To preserve origin diversity in the face of climate change new varieties are necessary, but they must be substantially better than older varieties for farmers and roasters to want them. Varieties need to be better not only in the field, but also in the cup.
However, most coffee breeding programs have little connectivity with the coffee industry; as such, breeding programs have not traditionally incorporated feedback from roasters and traders into breeding and selection parameters when they are introducing new varieties. (A “new” variety for farmers could be one that is commercially available in some countries but has not until now been available in the farmers’ country; or it could be an entirely new variety developed recently by breeders.) Additionally, there isn’t today a standard approach for breeders to use to evaluate the potential cup quality of new varieties and to measure how they perform in different environments.
WCR acts as a bridge between industry market demand and national research programs. WCR’s network of global member companies (composed of coffee roasters and retailers, exporters/traders, and allied manufacturers in over two dozen countries) provide quality feedback on both existing and new varieties. Materials evaluated come from both WCR trial sites as well as national breeding programs seeking industry feedback on candidate varieties in their breeding pipelines.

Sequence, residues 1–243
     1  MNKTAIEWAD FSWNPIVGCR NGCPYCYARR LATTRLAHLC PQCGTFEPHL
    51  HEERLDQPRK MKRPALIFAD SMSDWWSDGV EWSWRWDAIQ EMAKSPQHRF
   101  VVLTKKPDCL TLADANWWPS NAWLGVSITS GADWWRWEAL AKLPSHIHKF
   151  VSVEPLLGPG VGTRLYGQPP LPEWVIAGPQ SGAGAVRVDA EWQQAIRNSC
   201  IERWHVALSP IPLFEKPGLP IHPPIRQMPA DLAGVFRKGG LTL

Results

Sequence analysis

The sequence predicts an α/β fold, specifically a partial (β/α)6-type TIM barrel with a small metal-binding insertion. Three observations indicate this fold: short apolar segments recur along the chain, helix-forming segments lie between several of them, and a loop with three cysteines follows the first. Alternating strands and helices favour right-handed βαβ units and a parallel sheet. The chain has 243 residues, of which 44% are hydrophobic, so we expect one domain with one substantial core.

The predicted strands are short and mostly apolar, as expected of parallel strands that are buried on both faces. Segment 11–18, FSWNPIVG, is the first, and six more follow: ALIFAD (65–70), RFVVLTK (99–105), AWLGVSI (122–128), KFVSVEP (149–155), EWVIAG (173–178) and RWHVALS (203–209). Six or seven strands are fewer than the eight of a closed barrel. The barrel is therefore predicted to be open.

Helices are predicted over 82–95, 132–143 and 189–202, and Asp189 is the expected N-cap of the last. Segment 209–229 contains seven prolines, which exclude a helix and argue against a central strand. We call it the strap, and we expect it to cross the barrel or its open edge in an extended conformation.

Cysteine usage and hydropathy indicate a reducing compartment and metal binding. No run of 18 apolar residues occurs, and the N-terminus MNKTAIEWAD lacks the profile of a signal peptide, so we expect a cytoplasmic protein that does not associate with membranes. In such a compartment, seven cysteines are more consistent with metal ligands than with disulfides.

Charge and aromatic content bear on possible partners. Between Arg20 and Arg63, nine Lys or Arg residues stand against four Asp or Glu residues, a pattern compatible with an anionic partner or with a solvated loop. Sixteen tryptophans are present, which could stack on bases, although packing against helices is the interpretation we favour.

WCR is also engaged in collaborative research to explore whether there are correlations between cupping scores, market demand, specific flavors/aromas, economic value of coffee, and bean chemistry/metabolomics. This exploratory research is seeking more efficient ways to evaluate or predict the cup quality potential of new variety candidates (e.g., breeding materials). [read more here]
Examples of recent cupping trials
- In 2021 and 2022, 132 cuppers from 94 companies in 28 countries tasted 145 coffee samples from around the world—part of a large experiment to determine if it's possible to predict cupping scores using laboratory tests. The experiment is exploring the possibilities for "high throughput" (e.g., high volume, low cost) methods to screen new varieties for cup quality in breeding programs.
- In 2021 and 2022, roasters from 44 companies in 11 countries evaluated varieties in an international “genetics x environment” experiment. Cuppers tasted the same 10 varieties being grown in seven different agroecological environments (part of the International Multilocation Variety Trial). The purpose of the trial is to understand the impact of genetics and environmental conditions on the stability of cup quality, and to identify potential new locations in which to grow high-quality varieties.
- Between 2019 and 2022, 72 coffee companies from 15 countries cupped new F1 hybrid variety candidates being trialed for possible commercial release. The feedback from cuppers was combined with field performance data and used to narrow down the field of candidates from 46 to four finalists for possible adavancement to pre-commercial trials.
- In 2021, cuppers from 20 companies cupped wild arabica coffee accessions from the WCR-CATIE Core Collection. This feedback helps us build our knowledge of the potential of these accessions for use in future breeding.
This approach—linking coffee roasters and buyers with national research programs—enables coffee companies to meaningfully participate in shaping the future of coffee flavor and quality while also ensuring that national research programs understand market demand. Roaster feedback helps coffee research programs understand the quality potential of existing and new varieties, supports countries to pursue access to high quality varieties for farmers in their countries, and—perhaps most importantly—helps breeders to make quality improvement a primary, accessible target of breeding programs.